[SOLVED] What would be the best fan setup?

Sep 14, 2020
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My case has 2 x 120mm fans, one for intake and one for exhaust, both rated at ~54 cfm. I am looking to improve ventilation.

Which of these scenarios would be best:
  1. Add 3 120mm fans. Intake: 3 x 120 mm front (~162 cfm) Exhaust: 1 x 120 mm rear, 1 x 120 mm top rear (~108 cfm). Net CFM +54 cfm
  2. Add 2 140 mm fans. Intake: 2 x 140 mm front (164 cfm) Exhaust: 1 x 120 mm rear, 1 x 120 mm top rear (108 cfm). Net CFM +56
  3. Add 4 120 mm fans. Intake: 3 x 120 mm front, 1 x 120 mm top mid (216 cfm) Exhaust: 1 x 120 mm rear, 1 x 120 mm to rear. (108 cfm). Net CFM +108 CFM
  4. Add 2 120mm fans. 2 front, 2 rear. Net CFM 0.
I am looking for the best performance/noise.

For any other suggestions fan configuration for me case is as follows:
Front: 3 x 120 mm OR 2 x 140 mm
Top: 2 x 120 mm OR 2 x 140 mm
Rear: 1 x 120 mm
 

Phaaze88

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A)If you plan to stick with the Wraith Prism cooler - be aware, that the power of the 3080 gpu may prove to be too much for the Prism cooler to deal with; some of the card's heat WILL be fed into that cooler.
Front intake: 2x 140mm or 3x 120mm
Top exhaust: 2x 140mm or 2x 120mm
Rear exhaust: 1x 120mm

B)If you plan to change to a cpu tower air cooler
Front intake: same as option A
Top exhaust: This one is a bit of a pick your poison deal. 2x top exhaust will lead to slightly lower gpu thermals with non-blower designs, but slightly higher cpu thermals. Single fan won't change much if a rear exhaust is already present.
Rear exhaust: Depends on the specs of the fan being placed there VS the one(s) on the cpu cooler. If it is weaker, it will just get in the way and won't be needed at all.

C)If you plan to use a hybrid cooler instead, it changes even more, depending on the size and position, though the P400 only supports front and back positions.
 

Phaaze88

Glorious
Ambassador
I can aid with the performance end, but not noise, because it's actually subjective, believe it or not.
1)I don't see a chassis model.

2)I don't know what the fans in question are.

3)I don't know what any of the hardware is, or what kind of coolers they're using.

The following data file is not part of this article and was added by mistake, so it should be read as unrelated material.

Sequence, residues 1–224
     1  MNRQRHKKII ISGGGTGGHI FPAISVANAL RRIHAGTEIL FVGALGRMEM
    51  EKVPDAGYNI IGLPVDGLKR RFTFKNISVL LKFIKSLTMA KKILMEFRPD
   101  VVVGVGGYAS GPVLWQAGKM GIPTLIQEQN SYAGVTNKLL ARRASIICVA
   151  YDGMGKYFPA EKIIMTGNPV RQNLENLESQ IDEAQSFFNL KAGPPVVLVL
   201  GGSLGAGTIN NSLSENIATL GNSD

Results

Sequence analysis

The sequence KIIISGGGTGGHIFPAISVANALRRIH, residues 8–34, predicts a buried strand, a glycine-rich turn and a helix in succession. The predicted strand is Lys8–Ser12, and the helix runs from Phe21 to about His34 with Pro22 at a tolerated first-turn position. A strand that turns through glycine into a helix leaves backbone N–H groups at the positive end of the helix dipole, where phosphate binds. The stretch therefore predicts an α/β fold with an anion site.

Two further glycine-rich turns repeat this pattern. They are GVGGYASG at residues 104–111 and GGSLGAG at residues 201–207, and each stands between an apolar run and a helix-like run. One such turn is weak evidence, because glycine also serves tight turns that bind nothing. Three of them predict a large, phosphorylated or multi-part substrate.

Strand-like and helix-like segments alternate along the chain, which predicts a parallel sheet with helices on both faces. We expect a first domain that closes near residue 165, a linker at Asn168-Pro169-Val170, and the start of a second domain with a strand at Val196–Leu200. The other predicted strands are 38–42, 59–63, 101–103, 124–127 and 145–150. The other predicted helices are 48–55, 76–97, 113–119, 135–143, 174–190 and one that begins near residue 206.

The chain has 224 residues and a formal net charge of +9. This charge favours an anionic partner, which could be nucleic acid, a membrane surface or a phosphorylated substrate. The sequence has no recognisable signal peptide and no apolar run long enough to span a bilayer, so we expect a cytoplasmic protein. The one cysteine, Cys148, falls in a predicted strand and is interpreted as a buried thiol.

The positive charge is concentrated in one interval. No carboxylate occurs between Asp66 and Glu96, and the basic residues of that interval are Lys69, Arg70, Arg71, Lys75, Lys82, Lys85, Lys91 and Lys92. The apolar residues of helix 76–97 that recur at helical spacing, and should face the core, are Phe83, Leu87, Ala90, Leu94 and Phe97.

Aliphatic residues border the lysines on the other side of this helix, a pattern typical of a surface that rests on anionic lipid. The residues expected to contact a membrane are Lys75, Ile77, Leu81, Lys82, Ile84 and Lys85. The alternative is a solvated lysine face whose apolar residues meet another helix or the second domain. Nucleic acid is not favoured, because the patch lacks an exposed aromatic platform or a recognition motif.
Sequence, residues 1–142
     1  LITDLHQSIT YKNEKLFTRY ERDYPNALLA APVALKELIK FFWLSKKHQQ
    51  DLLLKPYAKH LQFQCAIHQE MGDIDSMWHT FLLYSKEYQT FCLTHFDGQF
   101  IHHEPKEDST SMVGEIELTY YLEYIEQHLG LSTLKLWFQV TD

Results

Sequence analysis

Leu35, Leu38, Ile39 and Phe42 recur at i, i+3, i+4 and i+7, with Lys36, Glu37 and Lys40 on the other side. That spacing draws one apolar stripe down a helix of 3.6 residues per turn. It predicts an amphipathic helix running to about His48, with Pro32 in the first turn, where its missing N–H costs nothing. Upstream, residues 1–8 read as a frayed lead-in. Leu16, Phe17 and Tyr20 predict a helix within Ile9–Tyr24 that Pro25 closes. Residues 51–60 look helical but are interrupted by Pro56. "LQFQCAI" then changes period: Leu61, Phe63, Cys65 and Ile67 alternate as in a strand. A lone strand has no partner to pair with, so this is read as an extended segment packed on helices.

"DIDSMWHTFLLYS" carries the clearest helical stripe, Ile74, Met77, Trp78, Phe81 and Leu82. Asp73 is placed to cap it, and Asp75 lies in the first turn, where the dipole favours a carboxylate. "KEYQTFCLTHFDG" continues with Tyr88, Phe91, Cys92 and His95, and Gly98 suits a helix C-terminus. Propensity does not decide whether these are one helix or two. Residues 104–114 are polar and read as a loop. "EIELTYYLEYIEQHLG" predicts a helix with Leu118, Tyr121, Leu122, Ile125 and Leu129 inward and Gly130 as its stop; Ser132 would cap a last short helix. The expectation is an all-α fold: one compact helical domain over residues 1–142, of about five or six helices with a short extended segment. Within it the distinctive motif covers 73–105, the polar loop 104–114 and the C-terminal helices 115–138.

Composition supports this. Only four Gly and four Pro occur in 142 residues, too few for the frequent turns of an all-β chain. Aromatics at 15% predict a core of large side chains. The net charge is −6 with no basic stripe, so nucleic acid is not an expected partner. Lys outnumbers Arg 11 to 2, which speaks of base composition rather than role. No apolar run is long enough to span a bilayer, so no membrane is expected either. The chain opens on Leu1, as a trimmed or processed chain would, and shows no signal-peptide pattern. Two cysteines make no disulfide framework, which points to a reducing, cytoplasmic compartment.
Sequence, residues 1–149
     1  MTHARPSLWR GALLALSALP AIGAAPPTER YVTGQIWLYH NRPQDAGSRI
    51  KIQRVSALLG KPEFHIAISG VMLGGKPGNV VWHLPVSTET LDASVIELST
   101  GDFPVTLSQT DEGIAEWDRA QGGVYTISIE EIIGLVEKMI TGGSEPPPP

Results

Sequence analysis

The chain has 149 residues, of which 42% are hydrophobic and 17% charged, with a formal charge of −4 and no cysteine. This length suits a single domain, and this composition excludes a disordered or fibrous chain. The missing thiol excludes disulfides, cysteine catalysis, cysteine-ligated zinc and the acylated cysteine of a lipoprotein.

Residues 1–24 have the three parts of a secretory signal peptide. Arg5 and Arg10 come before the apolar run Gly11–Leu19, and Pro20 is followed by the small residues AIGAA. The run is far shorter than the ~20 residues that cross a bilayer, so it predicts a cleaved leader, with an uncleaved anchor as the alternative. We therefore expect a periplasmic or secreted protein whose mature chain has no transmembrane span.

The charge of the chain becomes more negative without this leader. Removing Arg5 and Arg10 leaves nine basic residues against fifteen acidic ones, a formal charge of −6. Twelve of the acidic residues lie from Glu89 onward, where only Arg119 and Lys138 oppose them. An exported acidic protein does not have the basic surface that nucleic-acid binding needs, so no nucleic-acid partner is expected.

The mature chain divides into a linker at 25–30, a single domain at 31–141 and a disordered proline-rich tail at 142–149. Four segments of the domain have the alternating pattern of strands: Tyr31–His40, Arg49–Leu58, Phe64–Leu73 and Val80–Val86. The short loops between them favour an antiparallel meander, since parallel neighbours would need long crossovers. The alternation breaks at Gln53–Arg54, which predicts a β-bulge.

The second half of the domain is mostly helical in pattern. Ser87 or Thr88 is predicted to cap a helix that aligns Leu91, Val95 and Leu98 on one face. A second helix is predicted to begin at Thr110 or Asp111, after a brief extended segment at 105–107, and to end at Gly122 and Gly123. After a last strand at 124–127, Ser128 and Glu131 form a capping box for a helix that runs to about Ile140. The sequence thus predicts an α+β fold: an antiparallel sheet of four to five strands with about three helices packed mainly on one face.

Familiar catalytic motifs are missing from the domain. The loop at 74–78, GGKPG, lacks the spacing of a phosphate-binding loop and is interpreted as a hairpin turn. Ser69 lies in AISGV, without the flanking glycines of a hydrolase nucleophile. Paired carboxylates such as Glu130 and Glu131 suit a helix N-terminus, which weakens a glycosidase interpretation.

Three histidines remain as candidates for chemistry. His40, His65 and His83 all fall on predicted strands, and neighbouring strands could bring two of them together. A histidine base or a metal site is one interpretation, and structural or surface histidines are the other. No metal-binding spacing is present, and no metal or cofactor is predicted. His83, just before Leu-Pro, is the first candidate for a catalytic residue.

No one can really answer this without SOME information. What works best is not universal... or you could just make it really simple and stick to the front to back setup.
 
Sep 14, 2020
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Thanks for your reply. I can provide all that.

1. Case model is the Phanteks p400 with additional front panel mesh.

2. Stock fans are Phanteks PH-F120S.
Additional fans I am considering are:
120 mm: Noctua NF-F12 PWM
140 mm: Noctua NF-A14 PWM

3. Hardware would be:
AMD 3700x with stock Wraith Prism cooler
Nvidia 3080 series GPU
80+ gold 850w PSU
Aorus Pro B550

Would be used to run games at max settings.
 
Last edited:

Phaaze88

Glorious
Ambassador
A)If you plan to stick with the Wraith Prism cooler - be aware, that the power of the 3080 gpu may prove to be too much for the Prism cooler to deal with; some of the card's heat WILL be fed into that cooler.
Front intake: 2x 140mm or 3x 120mm
Top exhaust: 2x 140mm or 2x 120mm
Rear exhaust: 1x 120mm

B)If you plan to change to a cpu tower air cooler
Front intake: same as option A
Top exhaust: This one is a bit of a pick your poison deal. 2x top exhaust will lead to slightly lower gpu thermals with non-blower designs, but slightly higher cpu thermals. Single fan won't change much if a rear exhaust is already present.
Rear exhaust: Depends on the specs of the fan being placed there VS the one(s) on the cpu cooler. If it is weaker, it will just get in the way and won't be needed at all.

C)If you plan to use a hybrid cooler instead, it changes even more, depending on the size and position, though the P400 only supports front and back positions.
 
Sep 14, 2020
3
0
10
0
A)If you plan to stick with the Wraith Prism cooler - be aware, that the power of the 3080 gpu may prove to be too much for the Prism cooler to deal with; some of the card's heat WILL be fed into that cooler.
Front intake: 2x 140mm or 3x 120mm
Top exhaust: 2x 140mm or 2x 120mm
Rear exhaust: 1x 120mm
I know this is the case with the FE versions, but is this also true for the AIBs? I plan on getting an EVGA release which has 3 fans... Not sure if any of those are exhaust fans though. I see for this case you used negative pressure... Is this because of the extra heat toward the CPU from the GPU?